Apple and Google Know What You Want Before You Do.
New technology for smartphones will monitor activity
and send information before it is requested; locking
in loyal users.
Apple and Google are preparing new smartphone apps
that will monitor and predict users’ activity and
supply information before it is requested.
By Daisuke Wakabayashi and Alistair Barr
Aug. 3, 2015 2:14 p.m. ET 69 COMMENTS
Apple Inc. and Google Inc. are racing to anticipate
the needs of their users.
The technology giants, whose software runs nearly all
of the world’s smartphones, are adding features to
deliver information before users ask for it. Their
moves suggest that smartphones will evolve into
devices that dispense information unprompted.
The companies are tackling the technology
differently, reflecting their own expertise and
priorities. Apple’s Proactive Assistant, a feature of
its forthcoming iOS 9 software, aims to learn how a
user will behave from information stored on an
iPhone. By contrast, Google Now combs data from a
universe of online services and searches.
“This is a major battleground. The companies are
using this to highlight their strengths,” said Rich
Mogull, the chief executive of the research and
advisory firm Securosis.
Both companies hope the new features, some of which
are expected this fall, will keep their users loyal
and lock them into related services that make money.
For Apple, that means more returning customers for
its iPhones. For Google, it means more engaged users
for its advertisers.
Apple’s iPhone knows which apps you use, when and for
how long. ENLARGE
Apple’s iPhone knows which apps you use, when and for
how long. Photo: Andrew Harrer/Bloomberg News
In addition, the ability to anticipate what users
want and deliver it at the right moment will be
crucial for such future devices as smart watches and
The efforts by Google and Apple are part of a growing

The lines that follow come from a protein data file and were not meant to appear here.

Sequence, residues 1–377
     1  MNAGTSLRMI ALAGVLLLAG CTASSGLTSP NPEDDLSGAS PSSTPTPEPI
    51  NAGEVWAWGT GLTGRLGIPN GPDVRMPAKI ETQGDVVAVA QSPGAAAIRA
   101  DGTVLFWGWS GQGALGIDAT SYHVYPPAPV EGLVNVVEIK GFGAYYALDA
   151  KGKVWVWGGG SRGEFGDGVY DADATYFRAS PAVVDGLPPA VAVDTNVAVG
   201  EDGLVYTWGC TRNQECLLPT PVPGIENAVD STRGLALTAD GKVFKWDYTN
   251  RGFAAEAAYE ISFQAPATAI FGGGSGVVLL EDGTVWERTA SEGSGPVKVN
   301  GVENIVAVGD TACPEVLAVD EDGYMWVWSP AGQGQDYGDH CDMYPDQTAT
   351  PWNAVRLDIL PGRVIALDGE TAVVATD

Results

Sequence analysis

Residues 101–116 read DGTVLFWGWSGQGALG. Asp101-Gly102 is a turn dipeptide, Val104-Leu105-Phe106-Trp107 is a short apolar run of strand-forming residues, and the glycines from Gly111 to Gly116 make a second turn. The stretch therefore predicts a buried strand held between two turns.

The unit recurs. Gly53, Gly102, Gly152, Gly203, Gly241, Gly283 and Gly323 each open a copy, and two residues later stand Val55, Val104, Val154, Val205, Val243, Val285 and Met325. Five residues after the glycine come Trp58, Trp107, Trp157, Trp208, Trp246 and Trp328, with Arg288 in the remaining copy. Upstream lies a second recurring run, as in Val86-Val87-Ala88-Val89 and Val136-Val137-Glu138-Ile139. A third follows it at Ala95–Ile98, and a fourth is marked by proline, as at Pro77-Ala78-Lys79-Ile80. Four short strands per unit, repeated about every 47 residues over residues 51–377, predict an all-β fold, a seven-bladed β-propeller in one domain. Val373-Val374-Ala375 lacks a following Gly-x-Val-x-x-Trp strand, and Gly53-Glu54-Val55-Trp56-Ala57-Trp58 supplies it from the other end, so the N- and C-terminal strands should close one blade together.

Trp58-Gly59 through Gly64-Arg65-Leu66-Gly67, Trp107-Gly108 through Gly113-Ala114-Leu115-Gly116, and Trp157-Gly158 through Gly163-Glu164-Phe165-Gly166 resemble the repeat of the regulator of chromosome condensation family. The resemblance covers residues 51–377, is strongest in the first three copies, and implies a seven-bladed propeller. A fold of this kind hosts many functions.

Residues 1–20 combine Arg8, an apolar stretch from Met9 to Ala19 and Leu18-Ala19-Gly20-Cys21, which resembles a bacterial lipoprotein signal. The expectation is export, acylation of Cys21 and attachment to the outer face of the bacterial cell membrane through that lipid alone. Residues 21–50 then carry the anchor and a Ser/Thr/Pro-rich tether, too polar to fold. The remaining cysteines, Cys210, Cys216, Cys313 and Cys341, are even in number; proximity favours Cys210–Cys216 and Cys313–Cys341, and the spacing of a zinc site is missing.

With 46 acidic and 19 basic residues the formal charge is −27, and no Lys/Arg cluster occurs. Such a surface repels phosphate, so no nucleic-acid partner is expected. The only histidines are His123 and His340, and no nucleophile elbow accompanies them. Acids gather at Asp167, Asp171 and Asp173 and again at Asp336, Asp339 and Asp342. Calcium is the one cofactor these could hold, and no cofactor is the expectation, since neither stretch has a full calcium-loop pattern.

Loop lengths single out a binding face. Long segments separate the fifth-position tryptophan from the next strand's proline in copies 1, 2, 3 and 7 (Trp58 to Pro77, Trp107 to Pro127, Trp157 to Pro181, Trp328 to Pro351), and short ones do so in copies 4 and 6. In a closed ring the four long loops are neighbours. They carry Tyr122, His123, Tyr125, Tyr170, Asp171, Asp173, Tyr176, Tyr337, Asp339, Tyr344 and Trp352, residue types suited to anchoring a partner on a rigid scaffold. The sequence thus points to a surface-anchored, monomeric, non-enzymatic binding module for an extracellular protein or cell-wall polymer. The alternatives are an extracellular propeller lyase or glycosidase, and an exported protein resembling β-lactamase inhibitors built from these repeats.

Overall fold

wave of “digital assistants” in the technology
industry aimed at providing a helping hand for
devices. Microsoft Corp. is putting “Cortana,” a
personal-assistant service, in all devices running
Windows software. Amazon.com Inc. ’s virtual
assistant is Alexa, who currently exists inside the
company’s Echo speaker.
At its developers’ conference in May, Google
demonstrated how Google Now can alert a traveler to
airport gas stations when the traveler is returning a
vehicle and may need to fill the tank. Google can
deduce the return time from emails showing the
traveler’s itinerary and real-time departure data
provided by airlines.
For other uses, Google Now, introduced in 2012, taps
Web search and browsing history, Google services such
as Gmail, calendar and YouTube, and data from the
phone such as location, time and app use. The company
says it wants as much information as possible to
produce the most useful recommendations.
“Imagine an assistant who works for you for [only]
one hour a day,” says Aparna Chennapragada, director
of product and engineering for Google Now. “I want my
assistant proactively working for me all the time.”
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Apple takes a more conservative approach, limiting
itself to information gathered on the phone. The
company says the iPhone knows which apps you use,
when you use them and for how long. It also knows
where you are and with whom you communicate
regularly. It has access to some emails, but it taps
them sparingly, Apple says, using them to identify
callers or create calendar events, for example.